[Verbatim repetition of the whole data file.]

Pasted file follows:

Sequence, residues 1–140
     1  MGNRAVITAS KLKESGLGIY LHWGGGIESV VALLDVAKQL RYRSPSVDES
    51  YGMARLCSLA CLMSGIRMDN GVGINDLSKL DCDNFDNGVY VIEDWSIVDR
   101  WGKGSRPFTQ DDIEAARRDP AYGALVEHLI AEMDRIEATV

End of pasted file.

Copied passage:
Sequence, residues 1–140
     1  MGNRAVITAS KLKESGLGIY LHWGGGIESV VALLDVAKQL RYRSPSVDES
    51  YGMARLCSLA CLMSGIRMDN GVGINDLSKL DCDNFDNGVY VIEDWSIVDR
   101  WGKGSRPFTQ DDIEAARRDP AYGALVEHLI AEMDRIEATV